Definition of Composting

Definition of Composting / What’s Compost

Composting, often described as nature’s way of recycling, is the biological process of breaking up of organic waste such as food waste, manure, leaves, grass trimmings, paper, worms, and coffee grounds, etc., into an extremely useful humus-like substance by various micro-organisms including bacteria, fungi and actinomycetes in the presence of oxygen.

Actinomycetes are similar to fungus in the way they grow and spread, but its distinguishing elements are that the types of materials they are efficient at decomposing. The active nature in this microscopic bacteria and the sheer number present (about 10 million per 1 gram of soil), make them highly effective at breaking down materials like tree bark, newspaper, and other hard organic material.

Today, the use of composting to turn organic wastes into a valuable resource is expanding rapidly in many countries, as landfill space becomes scarce and expensive, and as people become more aware of the impact they have on the environment.

Definition of Composting / A Natural Cycle

Decomposition naturally happens almost everywhere even without exerting too much effort because nature has been generating compost as an element to the Earth’s life and death cycle, but without the perfect mixture, and ingredients, the process slows down and may eventually result to unpleasant compost.

All organic matter will decompose, given enough time to devolve and perish.  Nevertheless, not all products come out perfect for planting.  There are important factors to consider such as temperature, the biological process, and the mechanical process.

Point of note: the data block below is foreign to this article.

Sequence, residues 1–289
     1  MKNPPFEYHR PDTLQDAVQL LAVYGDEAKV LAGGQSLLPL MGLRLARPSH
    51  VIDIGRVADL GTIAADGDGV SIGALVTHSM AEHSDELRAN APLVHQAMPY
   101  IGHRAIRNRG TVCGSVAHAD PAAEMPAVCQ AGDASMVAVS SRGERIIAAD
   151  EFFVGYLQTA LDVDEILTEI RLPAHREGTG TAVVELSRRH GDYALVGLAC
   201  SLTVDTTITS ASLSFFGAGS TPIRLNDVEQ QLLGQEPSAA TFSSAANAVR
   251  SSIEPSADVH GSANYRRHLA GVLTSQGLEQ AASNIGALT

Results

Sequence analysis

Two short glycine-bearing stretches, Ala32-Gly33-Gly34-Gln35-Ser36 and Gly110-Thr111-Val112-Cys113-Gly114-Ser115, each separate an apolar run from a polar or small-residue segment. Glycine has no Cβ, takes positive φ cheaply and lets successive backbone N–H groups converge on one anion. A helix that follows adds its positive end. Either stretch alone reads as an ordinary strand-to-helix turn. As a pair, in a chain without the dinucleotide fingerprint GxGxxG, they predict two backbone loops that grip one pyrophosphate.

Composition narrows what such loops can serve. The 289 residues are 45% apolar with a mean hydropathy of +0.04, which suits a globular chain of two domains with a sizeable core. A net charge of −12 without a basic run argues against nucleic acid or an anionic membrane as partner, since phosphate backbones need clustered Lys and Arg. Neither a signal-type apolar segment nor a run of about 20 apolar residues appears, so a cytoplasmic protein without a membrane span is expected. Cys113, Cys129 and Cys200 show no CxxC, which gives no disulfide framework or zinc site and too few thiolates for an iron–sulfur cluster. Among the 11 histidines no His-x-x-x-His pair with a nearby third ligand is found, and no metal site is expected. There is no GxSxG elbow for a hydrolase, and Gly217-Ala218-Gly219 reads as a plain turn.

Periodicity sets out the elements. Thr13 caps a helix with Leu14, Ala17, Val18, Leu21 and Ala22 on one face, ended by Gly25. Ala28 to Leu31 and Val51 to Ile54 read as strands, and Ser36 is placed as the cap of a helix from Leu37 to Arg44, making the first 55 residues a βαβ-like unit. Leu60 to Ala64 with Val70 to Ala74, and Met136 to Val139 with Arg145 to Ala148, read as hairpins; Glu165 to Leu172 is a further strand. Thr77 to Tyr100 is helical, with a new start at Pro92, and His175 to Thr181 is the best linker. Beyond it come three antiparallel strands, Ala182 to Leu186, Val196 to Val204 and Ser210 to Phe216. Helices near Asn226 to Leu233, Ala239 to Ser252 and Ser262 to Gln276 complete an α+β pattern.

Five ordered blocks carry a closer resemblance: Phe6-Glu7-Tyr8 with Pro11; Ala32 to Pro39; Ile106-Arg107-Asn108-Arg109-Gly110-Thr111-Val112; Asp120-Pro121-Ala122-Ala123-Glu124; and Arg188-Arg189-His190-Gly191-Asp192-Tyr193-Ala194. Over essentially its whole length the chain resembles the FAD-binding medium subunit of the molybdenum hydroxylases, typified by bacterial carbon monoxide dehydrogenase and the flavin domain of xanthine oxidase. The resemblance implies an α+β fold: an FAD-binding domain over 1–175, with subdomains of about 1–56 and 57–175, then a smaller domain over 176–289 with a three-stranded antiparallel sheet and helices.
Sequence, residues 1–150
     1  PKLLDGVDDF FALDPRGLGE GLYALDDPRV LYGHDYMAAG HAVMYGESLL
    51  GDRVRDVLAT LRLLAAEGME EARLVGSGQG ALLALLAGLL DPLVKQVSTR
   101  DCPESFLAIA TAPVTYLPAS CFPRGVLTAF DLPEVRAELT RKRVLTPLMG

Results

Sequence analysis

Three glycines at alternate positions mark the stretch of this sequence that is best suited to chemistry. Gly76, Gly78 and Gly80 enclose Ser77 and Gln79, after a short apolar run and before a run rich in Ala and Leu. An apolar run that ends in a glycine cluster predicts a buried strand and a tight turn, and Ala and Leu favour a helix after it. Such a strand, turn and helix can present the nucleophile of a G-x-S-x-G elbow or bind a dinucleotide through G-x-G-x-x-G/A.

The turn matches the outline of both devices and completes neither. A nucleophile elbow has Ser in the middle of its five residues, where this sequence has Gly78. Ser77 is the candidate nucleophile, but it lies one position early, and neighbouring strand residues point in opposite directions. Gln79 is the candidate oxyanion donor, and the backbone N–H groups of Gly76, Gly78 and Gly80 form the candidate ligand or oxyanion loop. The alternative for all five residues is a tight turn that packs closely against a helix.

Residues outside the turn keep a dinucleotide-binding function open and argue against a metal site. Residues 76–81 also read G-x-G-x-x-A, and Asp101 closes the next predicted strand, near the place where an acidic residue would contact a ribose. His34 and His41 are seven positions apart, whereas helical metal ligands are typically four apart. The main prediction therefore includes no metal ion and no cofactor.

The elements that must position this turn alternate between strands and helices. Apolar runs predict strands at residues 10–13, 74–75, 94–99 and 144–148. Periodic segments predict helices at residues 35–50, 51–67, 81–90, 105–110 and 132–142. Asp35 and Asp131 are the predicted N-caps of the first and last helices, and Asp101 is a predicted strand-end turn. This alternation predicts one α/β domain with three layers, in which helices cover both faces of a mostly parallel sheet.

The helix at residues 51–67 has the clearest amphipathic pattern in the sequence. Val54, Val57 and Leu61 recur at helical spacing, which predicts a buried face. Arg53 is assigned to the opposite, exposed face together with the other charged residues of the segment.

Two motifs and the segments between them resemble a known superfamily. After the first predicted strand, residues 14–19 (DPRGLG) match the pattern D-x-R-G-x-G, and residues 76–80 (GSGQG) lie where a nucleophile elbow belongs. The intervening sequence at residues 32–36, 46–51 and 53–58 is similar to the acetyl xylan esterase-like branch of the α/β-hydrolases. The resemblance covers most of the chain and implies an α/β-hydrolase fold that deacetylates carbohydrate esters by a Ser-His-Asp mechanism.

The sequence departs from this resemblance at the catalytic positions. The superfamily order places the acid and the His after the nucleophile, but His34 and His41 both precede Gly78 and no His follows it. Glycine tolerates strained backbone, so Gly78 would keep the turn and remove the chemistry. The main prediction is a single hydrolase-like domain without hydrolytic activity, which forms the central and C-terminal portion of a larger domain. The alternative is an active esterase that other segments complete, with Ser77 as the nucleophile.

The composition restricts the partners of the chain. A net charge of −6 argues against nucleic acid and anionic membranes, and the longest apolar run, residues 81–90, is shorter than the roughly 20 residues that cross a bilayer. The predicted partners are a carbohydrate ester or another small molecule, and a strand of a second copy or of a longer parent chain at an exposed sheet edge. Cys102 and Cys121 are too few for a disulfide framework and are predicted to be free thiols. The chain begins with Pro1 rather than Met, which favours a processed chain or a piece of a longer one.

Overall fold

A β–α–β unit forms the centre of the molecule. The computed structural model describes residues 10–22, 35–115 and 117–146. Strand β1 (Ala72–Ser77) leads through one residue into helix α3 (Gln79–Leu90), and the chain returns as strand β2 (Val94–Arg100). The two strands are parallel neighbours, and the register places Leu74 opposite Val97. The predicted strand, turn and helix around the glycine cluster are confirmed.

Low temperature interrupts the composting progress, as it cannot reach the temperature hot enough to kill pathogens.  It eventually disallows the booming of decomposers and microbes.  However, bacteria performs exothermic actions as they help in the process of decomposition, so it helps the temperature to become higher than that of the environment where decomposition takes place, but a cold weather still slows down the progress.

A hot temperature stimulates the microbes to flourish even faster.

Definition of Composting / The Human Factor

The help of humans is necessary for the mechanical process to take place.  Non-biodegradable should be separated from the biodegradable matters.  Biodegradable matter that has a lot of pathogens living in it should be in a hotter environment when the decomposition takes place.

These pathogens usually live in manure of a living organism that is not a vegetarian.  Scraps of animal meat and dairy products have a lot of pathogens living in it too.

The biological process is the very important part of the decomposition procedure.  As nature conceives decomposition, it will shorten the process if the combination is right.

Water, nitrogen, carbon, and oxygen all together is a perfect mixture to combine with organic matter to materialize the process of decomposition.  This procedure will result to productions of compost which will eventually help the soil become healthy for planting.
Sources

http://www.epa.gov/osw/conserve/rrr/composting/index.htm
http://www.epa.gov/osw/conserve/rrr/composting/questions.htm
http://www.epa.gov/osw/conserve/rrr/composting/benefits.htm

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For more information on composting follow these links:

How Does Composting Work

Anaerobic Composting

Types of Composting

Composting Techniques

Composting Problems

Composting Materials

Easy Composting

Composting Tips

Commercial Composting

Composting Newspaper

Composting Coffee Grounds

Composting Paper

Pet Waste Composting

Composting Dog Poop

Kitchen Waste Composting

Food Waste Composting

Composting Toilet Prices

Solar Composting Toilets

Self-Contained Composting Toilet

Composting Manure

Garden Composting

Soil Composting

Composting Grass

Composting Leaves

Worm Composting

Red Worm Composting

Composting Equipment

Worm Composting Bins

Composting Drum

Composting Bins

Composting For Kids

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